But West's part in the song might be the least convincing rapping we've ever heard from him: stilted, tentative, uncommitted to a beat that itself feels like something he pulled from a forgotten Dropbox stash.
Asked by T.I. whether he feels an obligation to his audience — the folks, T.I. elaborates, to whom Trump and his cronies "seem crude and cold-hearted" — West says he feels an obligation "to show people new ideas."
Except he doesn't offer any.
"Make America Great Again had a negative perception / I took it, wore it, rocked it, gave it a new direction," he raps, "Added empathy, care and love and affection / And y'all simply questioning my methods."
Despite the president's insistence on the contrary, merely saying something doesn't make it true. And nowhere over the past few weeks has West demonstrated how he's remade Trump's polarizing campaign slogan as an expression of love; at no point has he lent any credibility to his claim that the upcoming album is in the vein of "Real Friends," a deeply empathetic cut from "The Life of Pablo" in which he tallies the weight he's allowed himself not to pull in various relationships.
All he's shown is that he shares Trump's instinct for provocation.
Which isn't without value, of course. Pop stars should provoke us; the shock they create often provides the space through which new understandings emerge.
But in contrast with the past, when West floated dubious theories about Bill Cosby and the CIA, this time he appears not to have done the thinking to support any of his controversial and downright dangerous stances — he's just lobbing stuff out there, then ducking when people rightly throw it back at him (as when he insisted in a now-deleted tweet that his comments about slavery were misconstrued).
And that marks a worrying shift for West, who's long been one of pop's biggest brains on matters of race, sex, money and stardom. If his arguments weren't always airtight, at least he presented them within a grander artistic framework that allowed for doubt and dissent.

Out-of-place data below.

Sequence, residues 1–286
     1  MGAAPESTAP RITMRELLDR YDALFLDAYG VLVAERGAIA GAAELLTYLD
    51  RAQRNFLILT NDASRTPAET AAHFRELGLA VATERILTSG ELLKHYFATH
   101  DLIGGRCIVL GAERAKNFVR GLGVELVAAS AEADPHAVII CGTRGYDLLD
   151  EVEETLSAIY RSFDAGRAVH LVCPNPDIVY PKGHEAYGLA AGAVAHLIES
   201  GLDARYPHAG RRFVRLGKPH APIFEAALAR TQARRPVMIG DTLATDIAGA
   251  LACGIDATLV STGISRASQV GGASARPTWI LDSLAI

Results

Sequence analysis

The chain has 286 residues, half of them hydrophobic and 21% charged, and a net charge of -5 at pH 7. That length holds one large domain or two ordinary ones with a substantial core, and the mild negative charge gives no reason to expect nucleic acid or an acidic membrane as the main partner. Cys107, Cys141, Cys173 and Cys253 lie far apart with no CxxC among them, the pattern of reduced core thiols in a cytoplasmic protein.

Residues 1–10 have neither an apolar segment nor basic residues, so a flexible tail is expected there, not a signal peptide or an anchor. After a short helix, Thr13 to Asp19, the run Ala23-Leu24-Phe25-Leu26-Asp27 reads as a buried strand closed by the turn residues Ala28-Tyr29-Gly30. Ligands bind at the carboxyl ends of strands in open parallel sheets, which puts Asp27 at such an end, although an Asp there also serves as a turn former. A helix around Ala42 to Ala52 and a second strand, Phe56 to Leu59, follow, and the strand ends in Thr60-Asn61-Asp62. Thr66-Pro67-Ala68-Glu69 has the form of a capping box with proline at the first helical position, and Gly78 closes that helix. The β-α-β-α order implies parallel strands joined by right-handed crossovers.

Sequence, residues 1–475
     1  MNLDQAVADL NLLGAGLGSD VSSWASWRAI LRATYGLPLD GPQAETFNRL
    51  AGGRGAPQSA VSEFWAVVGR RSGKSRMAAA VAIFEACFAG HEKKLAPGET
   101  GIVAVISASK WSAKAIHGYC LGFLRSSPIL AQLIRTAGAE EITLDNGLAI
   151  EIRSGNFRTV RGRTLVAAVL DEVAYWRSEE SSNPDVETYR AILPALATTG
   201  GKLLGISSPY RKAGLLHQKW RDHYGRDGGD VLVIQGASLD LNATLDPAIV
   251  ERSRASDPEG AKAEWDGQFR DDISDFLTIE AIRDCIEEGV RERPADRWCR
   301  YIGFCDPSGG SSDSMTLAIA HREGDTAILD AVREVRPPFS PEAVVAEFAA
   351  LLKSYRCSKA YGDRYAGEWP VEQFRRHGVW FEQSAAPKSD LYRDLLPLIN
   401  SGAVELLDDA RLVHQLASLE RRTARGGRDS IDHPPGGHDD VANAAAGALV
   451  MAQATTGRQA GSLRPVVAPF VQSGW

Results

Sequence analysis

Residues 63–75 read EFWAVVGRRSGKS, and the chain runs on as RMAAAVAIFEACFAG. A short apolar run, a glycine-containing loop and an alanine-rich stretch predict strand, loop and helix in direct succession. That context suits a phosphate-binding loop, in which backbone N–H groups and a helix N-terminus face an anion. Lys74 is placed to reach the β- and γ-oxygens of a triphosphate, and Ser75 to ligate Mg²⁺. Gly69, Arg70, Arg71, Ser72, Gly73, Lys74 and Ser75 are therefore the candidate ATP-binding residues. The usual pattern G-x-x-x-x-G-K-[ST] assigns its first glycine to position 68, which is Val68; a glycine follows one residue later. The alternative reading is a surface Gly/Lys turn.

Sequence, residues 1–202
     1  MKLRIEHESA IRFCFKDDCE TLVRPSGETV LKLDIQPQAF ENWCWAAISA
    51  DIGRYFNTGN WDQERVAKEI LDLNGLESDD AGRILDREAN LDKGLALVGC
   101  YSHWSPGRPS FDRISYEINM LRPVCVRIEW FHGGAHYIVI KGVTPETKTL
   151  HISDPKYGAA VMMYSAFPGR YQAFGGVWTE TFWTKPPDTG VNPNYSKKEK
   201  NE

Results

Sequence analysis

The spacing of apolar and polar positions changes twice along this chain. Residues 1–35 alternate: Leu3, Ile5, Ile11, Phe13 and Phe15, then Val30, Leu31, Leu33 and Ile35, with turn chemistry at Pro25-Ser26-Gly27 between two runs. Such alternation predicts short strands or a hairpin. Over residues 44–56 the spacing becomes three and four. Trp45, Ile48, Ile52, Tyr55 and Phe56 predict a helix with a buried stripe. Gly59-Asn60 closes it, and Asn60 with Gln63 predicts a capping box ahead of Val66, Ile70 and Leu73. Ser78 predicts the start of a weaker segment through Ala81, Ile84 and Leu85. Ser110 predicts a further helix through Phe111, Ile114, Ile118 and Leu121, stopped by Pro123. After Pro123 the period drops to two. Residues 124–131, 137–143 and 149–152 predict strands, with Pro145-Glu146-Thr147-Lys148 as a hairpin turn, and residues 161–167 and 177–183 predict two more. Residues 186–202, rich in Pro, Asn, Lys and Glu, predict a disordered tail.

In other words, I'm not disappointed to discover that a musician's politics may be different from mine; I'm disappointed to find that, as a willing thought leader, West seems to be operating with about as much deliberation as Trump has put into his flimsy positions on North Korea and the NRA.
Still, there may be a chance he's contemplating things more deeply on his own — and possibly explaining himself in the music he's working on.
Tuesday, the same day he dropped the slavery bomb on "TMZ Live," West posted a carefully edited video interview he'd conducted with the radio host Charlamagne Tha God, who questioned West on his 2016 hospitalization, his various business dealings and his enthusiasm for the president.
Many of his answers still feel shallow and evasive — not enough on the signal, too much on the noise.
"I love challenging the norms," he says of Trump's win, adding that "it proved that anything is possible in America."
But West also seems to be listening in a way that suggests the wheels might still be turning.
Asked by Charlamagne how he can love a guy "who's clearly trying to marginalize and oppress … people that look like you," West ponders the question for a full 17 seconds.
He even says, "Hmm."
I hope somebody else can make Kanye hmm again.